Carmakers were able to achieve the goals set by the United States government for the first year of new fuel economy standards, save for Jaguar Land Rover. The carmakers were able to get enough credits, as issued by the US Environmental Protection Agency, to comply with obligations through the 2012 model year, according to an EPA analysis.
The new EPA standards, which measure tailpipe emissions, run parallel to corporate average fuel economy standards that require cars and light-duty trucks to an average of 54.5 mpg by 2025. Carmakers like Toyota, Honda, Ford, General Motors and a number of smaller ones built fleets light vehicle that were fuel efficient enough to comply with the first year of the new EPA standards.
On the other hand, Chrysler Group and Daimler AG were able to get enough credits by acquiring them from their rivals. BMW, Nissan and Volkswagen, meanwhile, carried over credits from prior years to meet the standards.
Christopher Grundler, director of the EPA’s Office of Transportation and Air Quality, remarked that the figures provide an early indication that carmakers are on pace to achieve goal that the Obama administration want them to accomplish. He said that since it is the first year of a 14-year program, EPA doesn’t want to overstate the “significance of what the data are revealing.”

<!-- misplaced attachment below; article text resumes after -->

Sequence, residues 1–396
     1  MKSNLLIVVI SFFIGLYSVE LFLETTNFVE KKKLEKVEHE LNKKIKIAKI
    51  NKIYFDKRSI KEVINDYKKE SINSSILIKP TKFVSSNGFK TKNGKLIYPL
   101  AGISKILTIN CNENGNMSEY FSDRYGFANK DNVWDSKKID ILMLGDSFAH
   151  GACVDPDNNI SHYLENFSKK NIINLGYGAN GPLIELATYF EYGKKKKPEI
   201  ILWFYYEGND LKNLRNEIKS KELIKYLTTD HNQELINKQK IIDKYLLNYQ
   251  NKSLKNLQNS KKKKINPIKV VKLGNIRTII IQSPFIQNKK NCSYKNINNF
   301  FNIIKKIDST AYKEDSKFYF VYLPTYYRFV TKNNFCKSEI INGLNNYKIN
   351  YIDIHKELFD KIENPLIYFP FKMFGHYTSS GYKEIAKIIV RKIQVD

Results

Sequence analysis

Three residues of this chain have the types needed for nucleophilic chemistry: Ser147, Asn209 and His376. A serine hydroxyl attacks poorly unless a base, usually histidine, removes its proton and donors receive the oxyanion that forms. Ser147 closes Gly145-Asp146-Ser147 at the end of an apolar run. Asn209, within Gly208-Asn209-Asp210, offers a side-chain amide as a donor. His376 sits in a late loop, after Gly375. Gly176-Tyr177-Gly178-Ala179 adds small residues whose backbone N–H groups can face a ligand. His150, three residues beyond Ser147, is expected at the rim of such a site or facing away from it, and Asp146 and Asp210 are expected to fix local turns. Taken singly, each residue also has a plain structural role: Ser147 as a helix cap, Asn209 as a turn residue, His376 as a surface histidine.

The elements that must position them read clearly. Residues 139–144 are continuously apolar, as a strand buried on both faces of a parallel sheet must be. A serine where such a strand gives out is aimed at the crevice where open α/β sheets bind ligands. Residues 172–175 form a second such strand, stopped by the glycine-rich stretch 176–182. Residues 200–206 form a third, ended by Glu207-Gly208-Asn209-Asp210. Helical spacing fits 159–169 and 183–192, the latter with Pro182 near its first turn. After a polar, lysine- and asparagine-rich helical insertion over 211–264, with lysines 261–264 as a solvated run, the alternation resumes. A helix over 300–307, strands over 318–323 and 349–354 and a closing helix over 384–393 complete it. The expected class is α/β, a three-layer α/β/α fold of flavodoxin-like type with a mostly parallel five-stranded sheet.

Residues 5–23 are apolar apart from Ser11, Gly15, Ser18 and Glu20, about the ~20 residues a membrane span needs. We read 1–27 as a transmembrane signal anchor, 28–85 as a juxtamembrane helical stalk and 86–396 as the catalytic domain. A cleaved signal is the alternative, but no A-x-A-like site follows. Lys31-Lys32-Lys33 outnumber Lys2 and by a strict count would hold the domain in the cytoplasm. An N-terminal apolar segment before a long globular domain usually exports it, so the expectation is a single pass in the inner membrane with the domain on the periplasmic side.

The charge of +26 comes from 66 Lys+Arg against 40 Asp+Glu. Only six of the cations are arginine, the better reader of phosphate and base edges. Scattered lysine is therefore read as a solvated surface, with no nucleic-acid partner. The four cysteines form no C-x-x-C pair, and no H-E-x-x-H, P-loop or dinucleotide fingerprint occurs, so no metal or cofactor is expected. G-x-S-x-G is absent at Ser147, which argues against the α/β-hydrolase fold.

Grundler noted the carmakers posted lower tailpipe emissions than expected. John Bozzella, chief executive of advocacy group Global Automakers that represents carmakers like Honda, Hyundai and Nissan, remarked that EPA’s report indicates that the auto industry managed to cut greenhouse gas emissions by 6 percent in a single year.
“We are making progress,” Bozzella said, noting that the group’s members remain committed to a single, harmonized national program that cuts greenhouse gas emissions and hikes fuel economy.